When looking at data, take the time you need to dive into the details. Let the metrics tell the story when you need additional context to guide your hunches.
Results on One Network Apply to Another
To diversify, we went to another network with no campaign overlap in order to start a clean campaign structure there. If you’re starting anew, it’s important to understand what data is salvageable from the previous data set.
We could not use the heavily duplicated campaign data, but we could consolidate the duped campaigns from Facebook and treat them as one big campaign. Our goal was to find the top 10 creatives from Facebook for each segment. To do so, we sliced the aggregated data into smaller segments and interpreted it by language or country tiers.
In a new network, we structured similar segments and tested creatives to get benchmarks on key and contextual metrics. At this point, it was possible to use the clean results and compare them with the Facebook data. Here is where your intuition helps. I asked myself:
- Are the winners more or less in line with what we see on Facebook? (In other words, how skeptical should we be about the Facebook data?)
- What might account for varied performance across networks? (Different algorithms/ad formats/network traffic types are more/less efficient at finding payers. Payers may have slightly higher/lower ARPPU.)
- Are there similar winners across networks? (If you see something working in multiple networks, trust your hunches. They’re probably replicable.)
- Where can I experiment? (Experiment with everything the network has to offer. Use A/B tests wherever you can and reduce overlaps.)
Once we acquired good data from cleaner setups, we could bring it back to the Facebook account. This is a good general takeaway—kickstart a good structure elsewhere, and bring it back to fix a structure that’s harder to work with.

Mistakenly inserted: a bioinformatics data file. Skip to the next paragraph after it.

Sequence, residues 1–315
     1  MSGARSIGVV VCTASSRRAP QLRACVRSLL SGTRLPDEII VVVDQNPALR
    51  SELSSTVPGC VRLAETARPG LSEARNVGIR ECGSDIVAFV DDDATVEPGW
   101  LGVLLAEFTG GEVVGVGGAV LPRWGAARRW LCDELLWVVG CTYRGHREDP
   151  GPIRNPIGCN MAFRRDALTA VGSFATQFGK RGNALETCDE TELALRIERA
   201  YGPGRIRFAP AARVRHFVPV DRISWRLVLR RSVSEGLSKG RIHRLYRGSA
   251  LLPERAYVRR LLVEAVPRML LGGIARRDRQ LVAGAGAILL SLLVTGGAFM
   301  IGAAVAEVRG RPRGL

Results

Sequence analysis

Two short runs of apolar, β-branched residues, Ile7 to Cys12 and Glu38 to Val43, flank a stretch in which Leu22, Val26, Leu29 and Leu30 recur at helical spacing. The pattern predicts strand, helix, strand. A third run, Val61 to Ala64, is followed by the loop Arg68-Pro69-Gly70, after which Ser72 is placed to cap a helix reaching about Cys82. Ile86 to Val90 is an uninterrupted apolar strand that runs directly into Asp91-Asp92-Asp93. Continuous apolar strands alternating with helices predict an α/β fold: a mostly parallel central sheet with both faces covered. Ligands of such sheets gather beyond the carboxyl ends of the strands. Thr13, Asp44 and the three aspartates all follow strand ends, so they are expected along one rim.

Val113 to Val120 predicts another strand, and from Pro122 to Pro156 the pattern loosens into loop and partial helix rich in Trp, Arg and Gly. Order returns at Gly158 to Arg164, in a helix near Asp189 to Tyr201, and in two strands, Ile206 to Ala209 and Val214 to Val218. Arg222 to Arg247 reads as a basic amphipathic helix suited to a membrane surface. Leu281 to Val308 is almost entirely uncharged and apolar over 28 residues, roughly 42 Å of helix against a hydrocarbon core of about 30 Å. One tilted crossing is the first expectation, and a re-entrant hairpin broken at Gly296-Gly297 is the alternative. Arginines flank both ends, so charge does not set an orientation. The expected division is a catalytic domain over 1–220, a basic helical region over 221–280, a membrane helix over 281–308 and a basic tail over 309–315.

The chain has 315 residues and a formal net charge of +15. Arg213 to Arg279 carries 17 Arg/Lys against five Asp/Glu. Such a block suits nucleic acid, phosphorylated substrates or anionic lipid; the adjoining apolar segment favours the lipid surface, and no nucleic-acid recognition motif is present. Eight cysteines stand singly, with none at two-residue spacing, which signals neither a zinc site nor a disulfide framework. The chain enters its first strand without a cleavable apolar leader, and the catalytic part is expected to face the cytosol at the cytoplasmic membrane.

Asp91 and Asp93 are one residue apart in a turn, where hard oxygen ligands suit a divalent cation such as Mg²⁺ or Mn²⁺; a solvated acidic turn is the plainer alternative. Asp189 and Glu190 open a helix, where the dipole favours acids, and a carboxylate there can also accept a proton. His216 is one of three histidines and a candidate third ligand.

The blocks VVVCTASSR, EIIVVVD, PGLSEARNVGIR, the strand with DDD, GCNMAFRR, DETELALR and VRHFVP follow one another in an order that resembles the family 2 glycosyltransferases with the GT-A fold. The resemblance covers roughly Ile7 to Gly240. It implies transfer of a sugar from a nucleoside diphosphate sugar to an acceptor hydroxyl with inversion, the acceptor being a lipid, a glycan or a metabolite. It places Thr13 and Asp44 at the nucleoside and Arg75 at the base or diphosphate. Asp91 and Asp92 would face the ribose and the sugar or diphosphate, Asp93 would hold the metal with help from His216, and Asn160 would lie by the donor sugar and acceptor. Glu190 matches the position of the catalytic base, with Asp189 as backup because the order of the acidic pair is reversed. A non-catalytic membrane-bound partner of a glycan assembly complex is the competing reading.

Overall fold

Creatives Are the Biggest Similarity Across Networks
Overall, here’s what I learned from applying my hunches. Generally speaking, your top creative performers are likely the top performers across all networks, but some adaptation might be necessary for niche ad formats. Experiment with creatives on a low-cost network or campaign and collect learnings that will translate to other premium networks. Creative makes or breaks most campaigns, so you can never optimize too much. Be sure to apply your learnings quickly, even if they’re inconclusive.
If a winning creative doesn’t perform immediately, consider adapting the creative for different ad formats. For example, Facebook App Installs ads vs. Taboola content marketing ads vs. Tiktok Ads. The ad experience is different, so you can’t blindly copy and paste. Imitate the feel and hook for the user.
How to Choose Alternative Networks for Creative Testing
Importantly, Facebook does not have to be the only network for creative testing. Top creatives should be pretty similar across different networks, and the learnings should be transferable. I decide if a network is worthwhile for creative testing in the following manner:
- Use the top 10 creatives on Facebook to get started.
- Look at how metrics for your best-performing creatives evolve over time. You’re looking for signs of stability. For example, Install Rate, Payer Rate, or IPM on the best creatives result in stable numbers and show consistent performance over a week or two. If your creatives are consistently performing, it’s likely a good candidate for creative testing.
- Does the network have the ability to run A/B tests?
Grain of Salt
If your campaigns need too much intuition, the strategy is probably ineffective and broken. Intuition can go a long way, but it is more effective to build a campaign structure that can get you consistent insights without having to resort to hunches unnecessarily. Make your campaign structure clean, lean, and organized. Your results are only as good as your setup. Go back to the first principles when you get lost. Use them to form hypotheses, then test and iterate on the process/plan. Have hunches, test them, and keep iterating.